Facebook Might Be Working On A Job Board, But Don’t Get Too Excited
Stop the presses! Facebook and LinkedIn are about to become archrivals in the recruiting market! At least, that’s the implication of a Wall Street Journal article, which reports that Facebook plans to launch a job posting board later this summer.
It’s a nice scoop if true (the Journal cites “people familiar with the matter”), but reading the story is a strange experience. Basically, it starts out by explaining why the job board isn’t a big deal. Then, having established that it isn’t a big deal, the story talks about what a big deal it is.
The board will reportedly aggregate job listings from third-party services like BranchOut, Jobvite, and Work4 Labs, making them searchable for Facebook users. One of the quoted sources describes it as “lightweight” and says, “It doesn’t feel like a big effort that they’ve worked on for a long time.” Someone also says Facebook didn’t build the site itself, and instead got a third-party developer to do it. The Journal reports that Facebook doesn’t plan to monetize the service initially, and says it’s “unclear” whether the company will do so in the future.
Apparently, the job board might be an extension of the Social Jobs Partnership that Facebook announced with the US Department of Labor last fall. In fact, if you read the program announcement, one of the partnership’s plans was to “explore and develop systems where new job postings can be delivered virally through the Facebook site at no charge.”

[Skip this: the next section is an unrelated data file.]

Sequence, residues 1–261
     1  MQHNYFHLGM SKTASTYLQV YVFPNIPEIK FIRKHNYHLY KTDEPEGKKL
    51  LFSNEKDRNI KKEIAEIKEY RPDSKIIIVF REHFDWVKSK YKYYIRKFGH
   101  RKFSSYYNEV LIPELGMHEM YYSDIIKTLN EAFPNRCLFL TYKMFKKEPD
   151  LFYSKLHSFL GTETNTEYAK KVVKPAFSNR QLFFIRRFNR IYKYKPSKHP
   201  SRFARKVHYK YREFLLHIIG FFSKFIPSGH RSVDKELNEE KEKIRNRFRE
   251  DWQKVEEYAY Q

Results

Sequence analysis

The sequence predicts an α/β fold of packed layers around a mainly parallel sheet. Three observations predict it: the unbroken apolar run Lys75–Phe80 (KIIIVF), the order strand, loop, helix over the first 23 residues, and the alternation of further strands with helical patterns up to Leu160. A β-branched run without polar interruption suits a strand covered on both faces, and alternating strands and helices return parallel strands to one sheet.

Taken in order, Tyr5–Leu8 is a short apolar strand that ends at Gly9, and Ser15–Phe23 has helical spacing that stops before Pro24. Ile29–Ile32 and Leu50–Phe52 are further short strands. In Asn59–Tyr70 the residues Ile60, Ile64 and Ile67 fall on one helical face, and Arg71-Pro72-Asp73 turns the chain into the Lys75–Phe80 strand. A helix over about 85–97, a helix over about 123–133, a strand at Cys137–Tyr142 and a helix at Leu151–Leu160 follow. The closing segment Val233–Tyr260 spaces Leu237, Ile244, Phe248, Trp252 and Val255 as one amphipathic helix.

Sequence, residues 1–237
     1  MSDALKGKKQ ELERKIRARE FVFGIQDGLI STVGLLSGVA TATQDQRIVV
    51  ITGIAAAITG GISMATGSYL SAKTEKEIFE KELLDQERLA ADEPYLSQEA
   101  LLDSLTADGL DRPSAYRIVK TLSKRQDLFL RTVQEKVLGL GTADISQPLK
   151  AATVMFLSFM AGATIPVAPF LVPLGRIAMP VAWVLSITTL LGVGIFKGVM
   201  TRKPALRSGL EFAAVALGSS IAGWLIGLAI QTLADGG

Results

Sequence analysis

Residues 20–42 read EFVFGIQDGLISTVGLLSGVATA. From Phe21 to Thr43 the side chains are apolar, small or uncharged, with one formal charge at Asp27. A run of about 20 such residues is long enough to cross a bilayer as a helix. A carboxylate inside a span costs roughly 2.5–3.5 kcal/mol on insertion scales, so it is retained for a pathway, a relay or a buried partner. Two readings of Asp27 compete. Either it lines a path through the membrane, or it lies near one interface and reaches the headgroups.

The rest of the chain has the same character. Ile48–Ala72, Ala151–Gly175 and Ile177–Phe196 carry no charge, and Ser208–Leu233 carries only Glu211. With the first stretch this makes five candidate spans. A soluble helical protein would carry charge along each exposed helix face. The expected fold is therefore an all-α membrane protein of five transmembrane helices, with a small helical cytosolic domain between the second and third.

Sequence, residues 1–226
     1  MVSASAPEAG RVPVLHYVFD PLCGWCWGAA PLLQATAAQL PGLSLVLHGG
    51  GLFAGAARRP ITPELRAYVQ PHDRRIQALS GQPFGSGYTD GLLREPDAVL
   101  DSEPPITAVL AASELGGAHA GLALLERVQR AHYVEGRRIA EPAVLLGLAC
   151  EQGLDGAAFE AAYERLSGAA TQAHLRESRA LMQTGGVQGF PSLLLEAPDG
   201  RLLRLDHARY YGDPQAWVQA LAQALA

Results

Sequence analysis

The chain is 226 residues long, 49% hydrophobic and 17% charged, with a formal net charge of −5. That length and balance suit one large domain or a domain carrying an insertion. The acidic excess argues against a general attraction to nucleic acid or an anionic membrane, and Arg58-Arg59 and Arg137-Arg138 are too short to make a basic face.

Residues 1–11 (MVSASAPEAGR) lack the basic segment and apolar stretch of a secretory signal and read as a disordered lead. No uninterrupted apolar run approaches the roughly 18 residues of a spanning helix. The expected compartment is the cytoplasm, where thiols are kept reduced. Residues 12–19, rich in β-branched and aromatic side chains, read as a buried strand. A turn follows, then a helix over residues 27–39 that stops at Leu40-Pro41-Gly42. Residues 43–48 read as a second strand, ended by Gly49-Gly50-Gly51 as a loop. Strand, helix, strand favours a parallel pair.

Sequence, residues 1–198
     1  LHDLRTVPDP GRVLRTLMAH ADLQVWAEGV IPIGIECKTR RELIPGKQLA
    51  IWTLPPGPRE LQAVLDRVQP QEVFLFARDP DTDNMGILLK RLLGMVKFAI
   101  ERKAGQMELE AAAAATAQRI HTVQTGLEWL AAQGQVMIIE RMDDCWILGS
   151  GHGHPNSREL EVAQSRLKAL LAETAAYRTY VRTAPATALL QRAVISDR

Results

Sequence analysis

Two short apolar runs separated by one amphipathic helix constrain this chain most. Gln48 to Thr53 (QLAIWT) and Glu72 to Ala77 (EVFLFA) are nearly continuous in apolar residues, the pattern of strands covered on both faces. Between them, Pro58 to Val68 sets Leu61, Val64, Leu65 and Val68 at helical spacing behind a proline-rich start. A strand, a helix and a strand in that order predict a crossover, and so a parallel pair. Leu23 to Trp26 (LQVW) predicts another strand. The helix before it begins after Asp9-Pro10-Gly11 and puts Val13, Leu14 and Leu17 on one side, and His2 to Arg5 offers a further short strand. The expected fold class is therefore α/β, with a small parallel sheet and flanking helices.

A Facebook spokesperson, meanwhile, sent me the obligatory statement: “We don’t comment on rumor or speculation.”
Add that all up, and what do you get? A cool-sounding feature, possibly part of an existing partnership, but not a major new direction or revenue source for the company. So … why talk about how it could be “more of a threat to other professional networking sites such as LinkedIn”? Or the stuff about the evolution of recruiting and the size of online recruiting industry? All of this speculation comes with caveat of, “If Facebook decides to get serious about this … ” but the story doesn’t offer any real evidence that that’s going to happen.
Again, I’m not trying to take away from the Journal’s scoop. It’s just that parts of the article are … puzzling. And as someone who’s had his own moments of pressure (from myself or from my editors) to make news seem like a bigger deal than it is, I’m seeing some familiar signs. With all the “ifs”, “shoulds”, and “coulds” it almost feels like the Journal had a dramatic story in their head about Facebook vs. LinkedIn. When it turned out to be less of a page turner than expected, they weren’t quite willing to let it go. (I’m also not opposed to blue-sky speculation — speculation is fun! — but a little dodgier when mixed in with real reporting.)
Put another away: Could Facebook become a more serious player in recruiting? Sure, anything is possible. But there’s nothing here to make me think it’s more likely.
Facebook is the world’s largest social network, with over 845 million monthly active users.
Facebook was founded by Mark Zuckerberg in February 2004, initially as an exclusive network for Harvard students. It was a huge hit: in 2 weeks, half of the schools in the Boston area began demanding a Facebook network. Zuckerberg immediately recruited his friends Dustin Moskovitz, Chris Hughes, and Eduardo Saverin to help build Facebook, and within four months, Facebook added 30 more college networks.